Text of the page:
The problems of the Manmohan Singh government can be summarized in two words: corruption and inflation. The biggest strength of the second UPA coalition is the weakness of the Opposition, both on the Right as well as the Left. The incumbent regime hopes that it will be able to neutralize the attacks on it by waiting for the outcome of the state legislative assembly elections in West Bengal, Kerala, Tamil Nadu and Assam. Thereafter, the Congress and the UPA expect to get a new lease of life (as the Communists are certain to perform poorly in their two bastions in the south and the east). But those in power at present will be guilty of complacency if they believe they can continue to tackle inflation and corruption in the half-hearted manner they have done so far.
The desultory manner in which the authorities have dealt with inflation and corruption has disappointed even the most ardent admirers of Singh. Here is a world-renowned economist whose words are listened to with rapt attention in G-20 meetings where the post-recession problems of the planet are discussed. At home, however, he heads a government that has failed miserably in controlling food prices that directly hit the poor and now even the middle class who are keen to become part of the famous ‘India growth story’.
Despite the fact that foreign institutional investors who have poured in record amounts into the country’s capital markets, the Sensex is yet to cross the 21,000 mark that it touched three years ago in January 2008. This is the situation prevailing in the second-fastest growing economy in the world which was spared the worst ravages of the international recession, the medium-term effects of which are yet to play themselves out.
Within India and outside, there is growing realization that over the last two decades, the gap between the rich and the poor has widened even if one does not subscribe to the popular view that the “rich have become richer and the poor poorer”. What has, in fact, happened is that the rich have become richer at a far faster pace than the speed at which the poor have become “richer”. Even those in government will acknowledge the limitations of focusing only on economic growth that is still far from inclusive, job-creating and spread unevenly across geographical regions and sectors. In particular, the growth of the country’s agriculture sector remains rather sluggish.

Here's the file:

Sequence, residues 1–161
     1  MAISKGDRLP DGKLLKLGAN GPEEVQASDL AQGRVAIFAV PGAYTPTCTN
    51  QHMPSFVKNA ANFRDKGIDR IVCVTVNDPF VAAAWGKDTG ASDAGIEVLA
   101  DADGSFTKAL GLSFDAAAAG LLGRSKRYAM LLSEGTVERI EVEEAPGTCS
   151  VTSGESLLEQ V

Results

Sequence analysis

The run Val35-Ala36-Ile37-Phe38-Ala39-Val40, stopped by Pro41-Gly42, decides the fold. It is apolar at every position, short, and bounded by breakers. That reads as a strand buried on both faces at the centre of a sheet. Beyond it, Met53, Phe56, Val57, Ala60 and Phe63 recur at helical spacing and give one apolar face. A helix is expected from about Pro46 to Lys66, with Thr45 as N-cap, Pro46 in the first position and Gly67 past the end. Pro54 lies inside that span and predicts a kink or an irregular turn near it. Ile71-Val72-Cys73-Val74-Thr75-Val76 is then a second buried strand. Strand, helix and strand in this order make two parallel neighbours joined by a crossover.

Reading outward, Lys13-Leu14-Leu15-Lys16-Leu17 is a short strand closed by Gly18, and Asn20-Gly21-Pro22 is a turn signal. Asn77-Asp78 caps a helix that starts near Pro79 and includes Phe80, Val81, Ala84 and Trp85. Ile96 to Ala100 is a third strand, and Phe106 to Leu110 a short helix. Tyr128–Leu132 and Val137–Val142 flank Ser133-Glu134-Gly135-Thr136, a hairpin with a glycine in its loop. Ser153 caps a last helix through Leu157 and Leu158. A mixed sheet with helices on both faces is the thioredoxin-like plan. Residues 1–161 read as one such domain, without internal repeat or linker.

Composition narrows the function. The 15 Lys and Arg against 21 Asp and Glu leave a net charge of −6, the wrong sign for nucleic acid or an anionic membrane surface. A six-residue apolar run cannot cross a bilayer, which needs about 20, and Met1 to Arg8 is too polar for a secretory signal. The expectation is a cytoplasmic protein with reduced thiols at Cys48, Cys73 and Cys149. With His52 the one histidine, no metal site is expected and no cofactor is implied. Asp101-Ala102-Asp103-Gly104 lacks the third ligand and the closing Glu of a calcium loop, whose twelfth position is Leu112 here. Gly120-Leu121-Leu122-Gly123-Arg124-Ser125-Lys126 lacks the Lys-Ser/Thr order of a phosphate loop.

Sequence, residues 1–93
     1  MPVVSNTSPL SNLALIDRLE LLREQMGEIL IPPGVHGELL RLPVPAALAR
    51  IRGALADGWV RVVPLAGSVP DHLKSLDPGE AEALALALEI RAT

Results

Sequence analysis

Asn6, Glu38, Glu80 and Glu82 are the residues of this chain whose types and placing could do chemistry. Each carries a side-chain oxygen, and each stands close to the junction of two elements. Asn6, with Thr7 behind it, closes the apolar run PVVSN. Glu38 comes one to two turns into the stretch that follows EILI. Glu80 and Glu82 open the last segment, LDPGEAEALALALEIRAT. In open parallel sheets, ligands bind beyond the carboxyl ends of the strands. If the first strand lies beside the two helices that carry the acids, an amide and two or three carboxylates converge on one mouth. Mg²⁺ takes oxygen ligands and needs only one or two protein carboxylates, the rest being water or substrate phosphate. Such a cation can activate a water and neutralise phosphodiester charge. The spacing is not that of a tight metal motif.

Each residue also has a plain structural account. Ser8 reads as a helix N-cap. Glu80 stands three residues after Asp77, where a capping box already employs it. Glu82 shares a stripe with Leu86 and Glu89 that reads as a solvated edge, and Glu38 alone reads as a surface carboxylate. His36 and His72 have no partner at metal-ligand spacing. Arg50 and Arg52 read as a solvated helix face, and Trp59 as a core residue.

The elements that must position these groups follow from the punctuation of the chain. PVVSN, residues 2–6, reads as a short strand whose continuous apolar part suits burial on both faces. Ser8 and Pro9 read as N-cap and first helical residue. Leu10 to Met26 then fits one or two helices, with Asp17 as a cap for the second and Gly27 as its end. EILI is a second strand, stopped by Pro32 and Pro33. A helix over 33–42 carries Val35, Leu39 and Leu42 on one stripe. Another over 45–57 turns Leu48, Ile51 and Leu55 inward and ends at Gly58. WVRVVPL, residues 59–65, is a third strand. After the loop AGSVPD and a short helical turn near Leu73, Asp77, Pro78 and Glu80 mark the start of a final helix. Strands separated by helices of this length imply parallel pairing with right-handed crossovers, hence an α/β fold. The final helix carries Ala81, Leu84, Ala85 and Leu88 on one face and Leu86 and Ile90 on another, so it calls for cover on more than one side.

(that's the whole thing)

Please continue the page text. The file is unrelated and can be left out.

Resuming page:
Corporate captains are worried about interest rates hardening. But the Reserve Bank of India has no choice in this regard if it wishes to curb inflationary expectations. Finance Minister Pranab Mukherjee is preparing the proposals for the Union Budget, due for presentation at the end of February. His options too are limited. His biggest challenge is to curb inflation. There is reason to believe that the rate of increase of the wholesale price index and the consumer price indices will decelerate. But the government cannot hope to fool people by claiming that food prices will come down with a slowing down in the inflation rate.
What’s worse for the UPA government is the growing perception that it has not just been unable to curb corruption but actively abetted it. The issue is no longer whether the disgraced former Union Minister for Communications and Information Technology Andimuthu Raja will be punished or not. The bigger question is why the PM chose to turn a blind eye for more than two years to his Cabinet colleague looting the national exchequer by allocating scarce and precious electromagnetic spectrum used by mobile telecommunications companies at rock-bottom prices.
The spectrum scam will not disappear in a hurry. Like the Bofors scandal haunted the Rajiv Gandhi government and paralyzed its functioning between 1987 and 1989 (although nothing was conclusively proved in a court of law), the current government has acted too late in checking not just the spectrum scandal, but also the scandals relating to the way in which the Commonwealth Games were conducted and the allotment of flats in Mumbai’s Adarsh Housing Society.
The government bungles along. Till the next scam.